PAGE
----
By Steve Lowrie, Lowrie Financial
Special to the Financial Independence Hub
We still haven’t finished our list of financial “STOP Doing” tips. In fact, the list may well be endless, given the endless supply of popular financial products and promotions continuously appearing, disappearing and reemerging, each one allegedly new & improved.
It’s no wonder so many individual investors end up with so much excess baggage along the way. This month’s post is dedicated to making sense of all those competing investment “opportunities” with our simple advice: STOP overpacking for your financial journey.
During my years as an adviser, most of my clients have come to me weighed down by the volume and complexity of their overly packed portfolios. They desperately want to lighten the load, but they’re unsure what should be preserved and what can be safely jettisoned.
I’ve generally found three areas to focus on, helping clients lighten up after years of stocking up, keeping up, and/or moving up. Raise your hand if any or all of these traits sound familiar to you:
You’ve been knocking around Bay Street for a while and have accumulated quite a packed portfolio. You started as a do-it-yourselfer, purchasing stocks, bonds, funds, annuities and maybe some real estate recommended by friends and family. Along the way, you’ve established various banker/broker relationships, each of whom shifted some of your holdings around and added a few of their own. Then there are all those company retirement plan holdings from multiple careers. Ditto on all of the above for your spouse. It’s a tall order to simply list what you’ve got, where you’ve got it, and, most importantly, why it’s there.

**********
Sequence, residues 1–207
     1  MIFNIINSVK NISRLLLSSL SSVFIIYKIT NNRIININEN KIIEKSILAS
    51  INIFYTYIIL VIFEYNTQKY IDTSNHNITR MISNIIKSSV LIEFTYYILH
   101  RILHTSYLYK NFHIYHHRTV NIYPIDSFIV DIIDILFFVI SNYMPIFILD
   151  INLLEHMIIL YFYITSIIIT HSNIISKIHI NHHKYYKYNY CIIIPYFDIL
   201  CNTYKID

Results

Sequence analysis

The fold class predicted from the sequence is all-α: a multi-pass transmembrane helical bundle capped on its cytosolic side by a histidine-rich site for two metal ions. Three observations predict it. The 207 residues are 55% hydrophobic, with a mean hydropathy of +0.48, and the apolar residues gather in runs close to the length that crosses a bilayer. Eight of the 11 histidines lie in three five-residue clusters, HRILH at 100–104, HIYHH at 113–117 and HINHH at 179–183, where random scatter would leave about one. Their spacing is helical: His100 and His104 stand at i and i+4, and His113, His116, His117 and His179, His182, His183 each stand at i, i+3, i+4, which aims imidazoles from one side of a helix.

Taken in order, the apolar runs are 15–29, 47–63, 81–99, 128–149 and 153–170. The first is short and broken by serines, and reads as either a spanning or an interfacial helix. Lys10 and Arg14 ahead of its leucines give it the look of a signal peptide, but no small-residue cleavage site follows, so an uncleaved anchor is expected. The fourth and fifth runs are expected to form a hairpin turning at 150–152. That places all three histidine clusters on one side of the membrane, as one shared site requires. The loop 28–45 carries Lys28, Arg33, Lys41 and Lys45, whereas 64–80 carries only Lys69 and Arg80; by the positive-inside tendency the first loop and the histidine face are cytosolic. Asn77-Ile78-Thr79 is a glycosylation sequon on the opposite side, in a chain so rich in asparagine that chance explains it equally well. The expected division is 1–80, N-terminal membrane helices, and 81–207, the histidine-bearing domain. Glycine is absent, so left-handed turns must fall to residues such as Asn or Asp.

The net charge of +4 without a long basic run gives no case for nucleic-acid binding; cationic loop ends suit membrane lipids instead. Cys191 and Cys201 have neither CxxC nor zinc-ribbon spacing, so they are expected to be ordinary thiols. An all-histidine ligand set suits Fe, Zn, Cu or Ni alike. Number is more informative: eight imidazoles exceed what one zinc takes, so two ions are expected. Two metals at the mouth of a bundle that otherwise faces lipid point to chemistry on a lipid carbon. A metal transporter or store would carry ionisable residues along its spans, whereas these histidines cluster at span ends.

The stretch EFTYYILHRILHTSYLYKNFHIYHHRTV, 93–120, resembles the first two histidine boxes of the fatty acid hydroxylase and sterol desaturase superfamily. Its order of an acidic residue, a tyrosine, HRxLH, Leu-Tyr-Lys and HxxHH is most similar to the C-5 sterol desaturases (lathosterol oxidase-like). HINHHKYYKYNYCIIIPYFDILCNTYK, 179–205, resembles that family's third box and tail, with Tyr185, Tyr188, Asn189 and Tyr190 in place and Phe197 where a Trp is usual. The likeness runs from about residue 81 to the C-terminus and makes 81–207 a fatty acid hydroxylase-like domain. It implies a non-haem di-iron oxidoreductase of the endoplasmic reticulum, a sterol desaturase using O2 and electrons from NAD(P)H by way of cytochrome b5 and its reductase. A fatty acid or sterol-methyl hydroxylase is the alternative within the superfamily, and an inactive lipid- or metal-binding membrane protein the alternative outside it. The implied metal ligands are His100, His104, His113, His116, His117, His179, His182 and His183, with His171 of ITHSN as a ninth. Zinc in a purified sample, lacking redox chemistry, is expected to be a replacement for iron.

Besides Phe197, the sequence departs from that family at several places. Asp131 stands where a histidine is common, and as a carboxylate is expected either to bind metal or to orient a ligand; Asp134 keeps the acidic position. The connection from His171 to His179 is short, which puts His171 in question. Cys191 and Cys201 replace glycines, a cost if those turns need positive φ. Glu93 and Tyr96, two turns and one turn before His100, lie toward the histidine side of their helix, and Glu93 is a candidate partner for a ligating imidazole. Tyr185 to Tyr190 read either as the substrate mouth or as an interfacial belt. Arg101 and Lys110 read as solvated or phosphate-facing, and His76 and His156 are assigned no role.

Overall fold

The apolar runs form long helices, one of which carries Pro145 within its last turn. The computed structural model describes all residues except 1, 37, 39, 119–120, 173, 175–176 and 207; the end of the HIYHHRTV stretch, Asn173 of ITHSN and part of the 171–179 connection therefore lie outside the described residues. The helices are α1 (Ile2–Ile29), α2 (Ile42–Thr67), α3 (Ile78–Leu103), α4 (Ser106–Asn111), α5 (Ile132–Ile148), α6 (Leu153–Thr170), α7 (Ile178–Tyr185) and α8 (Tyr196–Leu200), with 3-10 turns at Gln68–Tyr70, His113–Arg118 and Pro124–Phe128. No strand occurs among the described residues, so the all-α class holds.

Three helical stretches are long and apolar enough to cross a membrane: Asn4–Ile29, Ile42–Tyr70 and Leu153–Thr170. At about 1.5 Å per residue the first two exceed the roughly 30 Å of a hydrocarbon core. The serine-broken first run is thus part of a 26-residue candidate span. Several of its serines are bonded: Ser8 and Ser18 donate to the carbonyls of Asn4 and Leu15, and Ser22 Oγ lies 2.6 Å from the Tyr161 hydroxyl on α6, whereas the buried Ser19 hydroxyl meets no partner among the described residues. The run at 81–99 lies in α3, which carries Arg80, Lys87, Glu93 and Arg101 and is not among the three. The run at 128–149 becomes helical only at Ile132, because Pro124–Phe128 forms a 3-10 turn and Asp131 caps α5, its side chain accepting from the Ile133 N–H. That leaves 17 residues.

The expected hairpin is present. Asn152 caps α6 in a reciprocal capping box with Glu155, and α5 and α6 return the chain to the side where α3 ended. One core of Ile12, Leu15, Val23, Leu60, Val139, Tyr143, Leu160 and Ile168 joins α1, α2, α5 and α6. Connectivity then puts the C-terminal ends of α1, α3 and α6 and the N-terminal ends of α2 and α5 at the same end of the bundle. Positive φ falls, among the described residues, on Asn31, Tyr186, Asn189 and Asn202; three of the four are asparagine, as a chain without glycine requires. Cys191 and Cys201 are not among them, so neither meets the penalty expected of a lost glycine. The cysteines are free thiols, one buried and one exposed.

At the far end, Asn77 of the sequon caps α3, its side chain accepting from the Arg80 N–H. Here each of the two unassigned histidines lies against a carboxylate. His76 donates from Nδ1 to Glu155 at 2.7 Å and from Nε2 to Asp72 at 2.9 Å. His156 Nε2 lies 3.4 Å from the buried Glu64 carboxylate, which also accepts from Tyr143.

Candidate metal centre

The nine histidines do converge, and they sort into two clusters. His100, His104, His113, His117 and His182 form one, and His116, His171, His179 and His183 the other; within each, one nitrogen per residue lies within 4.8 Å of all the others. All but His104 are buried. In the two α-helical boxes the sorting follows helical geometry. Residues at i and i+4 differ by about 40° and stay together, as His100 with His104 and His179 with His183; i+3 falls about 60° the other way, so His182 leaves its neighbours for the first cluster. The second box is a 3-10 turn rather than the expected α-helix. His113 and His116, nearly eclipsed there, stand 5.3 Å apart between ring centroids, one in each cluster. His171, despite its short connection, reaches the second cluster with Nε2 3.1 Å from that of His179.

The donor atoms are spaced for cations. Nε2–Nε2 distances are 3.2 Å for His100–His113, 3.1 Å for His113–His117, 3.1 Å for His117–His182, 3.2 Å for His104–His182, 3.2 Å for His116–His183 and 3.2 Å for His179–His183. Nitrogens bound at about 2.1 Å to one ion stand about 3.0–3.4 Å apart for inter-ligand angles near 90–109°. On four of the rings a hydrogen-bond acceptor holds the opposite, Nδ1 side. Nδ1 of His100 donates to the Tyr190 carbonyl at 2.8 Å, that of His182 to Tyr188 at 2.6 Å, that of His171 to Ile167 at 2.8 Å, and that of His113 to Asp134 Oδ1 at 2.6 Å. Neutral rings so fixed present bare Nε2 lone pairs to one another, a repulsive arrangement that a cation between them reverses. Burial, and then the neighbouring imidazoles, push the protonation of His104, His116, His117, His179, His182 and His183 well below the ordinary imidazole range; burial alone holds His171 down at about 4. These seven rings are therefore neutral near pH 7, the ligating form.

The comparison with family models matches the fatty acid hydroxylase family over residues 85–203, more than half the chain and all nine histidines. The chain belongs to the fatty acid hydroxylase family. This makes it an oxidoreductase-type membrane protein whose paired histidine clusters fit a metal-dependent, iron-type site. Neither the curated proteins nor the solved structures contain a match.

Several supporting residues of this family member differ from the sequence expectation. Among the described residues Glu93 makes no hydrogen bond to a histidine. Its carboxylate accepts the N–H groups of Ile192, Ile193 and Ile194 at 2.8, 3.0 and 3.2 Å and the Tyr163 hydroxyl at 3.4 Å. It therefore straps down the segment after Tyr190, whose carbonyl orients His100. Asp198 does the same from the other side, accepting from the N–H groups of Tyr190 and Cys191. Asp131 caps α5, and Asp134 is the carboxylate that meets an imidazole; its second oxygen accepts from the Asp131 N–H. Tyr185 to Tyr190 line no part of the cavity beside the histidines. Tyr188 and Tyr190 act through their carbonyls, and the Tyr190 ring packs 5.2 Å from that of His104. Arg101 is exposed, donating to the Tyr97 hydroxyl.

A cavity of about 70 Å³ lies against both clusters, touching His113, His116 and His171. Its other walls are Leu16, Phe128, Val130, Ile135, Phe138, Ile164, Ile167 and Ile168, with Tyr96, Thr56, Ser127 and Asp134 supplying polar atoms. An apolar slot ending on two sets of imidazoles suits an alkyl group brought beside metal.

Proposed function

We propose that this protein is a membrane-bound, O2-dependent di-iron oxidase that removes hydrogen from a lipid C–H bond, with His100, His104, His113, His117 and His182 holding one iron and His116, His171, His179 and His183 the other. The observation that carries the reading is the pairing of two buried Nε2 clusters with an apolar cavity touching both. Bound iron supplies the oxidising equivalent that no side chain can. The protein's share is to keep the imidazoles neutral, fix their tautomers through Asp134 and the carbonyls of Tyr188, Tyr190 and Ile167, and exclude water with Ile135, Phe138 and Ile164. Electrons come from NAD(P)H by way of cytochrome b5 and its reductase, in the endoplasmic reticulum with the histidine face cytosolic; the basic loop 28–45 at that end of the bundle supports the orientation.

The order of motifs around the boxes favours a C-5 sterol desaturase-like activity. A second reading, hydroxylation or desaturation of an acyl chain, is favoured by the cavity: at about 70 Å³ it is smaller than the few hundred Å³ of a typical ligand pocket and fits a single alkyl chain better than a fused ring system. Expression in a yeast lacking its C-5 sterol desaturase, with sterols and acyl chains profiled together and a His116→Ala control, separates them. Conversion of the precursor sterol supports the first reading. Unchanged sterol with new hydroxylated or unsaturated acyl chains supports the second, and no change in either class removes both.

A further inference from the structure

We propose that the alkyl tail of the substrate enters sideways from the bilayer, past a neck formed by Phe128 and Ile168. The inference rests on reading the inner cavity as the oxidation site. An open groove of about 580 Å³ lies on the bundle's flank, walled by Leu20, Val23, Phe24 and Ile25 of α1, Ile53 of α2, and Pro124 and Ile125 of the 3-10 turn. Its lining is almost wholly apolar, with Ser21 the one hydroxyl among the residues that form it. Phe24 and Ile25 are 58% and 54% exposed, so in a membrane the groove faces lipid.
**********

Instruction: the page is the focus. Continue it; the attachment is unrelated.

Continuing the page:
In Stop Reacting to Market Noise and Stop Feeding on Junk Media, we covered why it’s important to disregard near-term, breaking news when making long-term investment decisions. Still, when you’re in the thick of unfolding events it can be hard to distinguish the weather from the climate. Whether it’s volatile commodity pricing, bond slumps, stock surges, real estate bubbles or anything in between, you can always find a well-credentialed talking head proposing that it’s time to trade into or out of this or that market factor. If you’re not actively chasing the latest trends with continuous, costly trades, you’re at least spending too many sleepless nights worrying whether you should be.
Congratulations, you have achieved a level of wealth that has yielded a bounty of exclusive, invitation-only investment offers: hedge fund and private equity fund investments, private placements, real estate ventures, business partnerships and so on and so forth. Given the typical illiquidity, excessive costs and opaque arrangements involved, the investment benefits to be gained by stepping up to these more rarified investments are highly debatable. (As evidenced by this Motley Fool spoof “Two Hedge Fund Managers Walk Into a Bar,” I’m not alone in questioning the value of these sorts of “exclusive” offerings.)
What is not debatable is the extra complexity that they add to your ability to track, manage, account, and pay taxes on the holdings. They also can create significant extra headaches for you and your family in planning for and executing your estate plans, potentially at a stressful time when straightforward wealth transfer is most desired.
Lightening Up, To End Up Ahead
Whether it’s through stocking up, keeping up, moving up or all of the above, too many investors end up weighing themselves down with unnecessary costs and complexities that are far more likely to generate stress and uncertainty than additional wealth.
I’ve said it before and I’ll say it again: The best way to lighten your load for the long haul is to keep things simple. That is why one of my first acts when establishing a new client relationship is to take a good, hard look at the existing holdings, to see if we can achieve a happier, “less is more” approach. Let us know if we can take a look at what you’ve been hauling along with you.
Steve Lowrie holds the CFA designation and has over 20 years of experience dealing with individual investors. Before creating Lowrie Financial in 2009, he worked at various Bay Street brokerage firms both as an advisor and in management. “I help investors ignore the Wall and Bay Street hype and hysteria, and focus on what’s best for themselves.”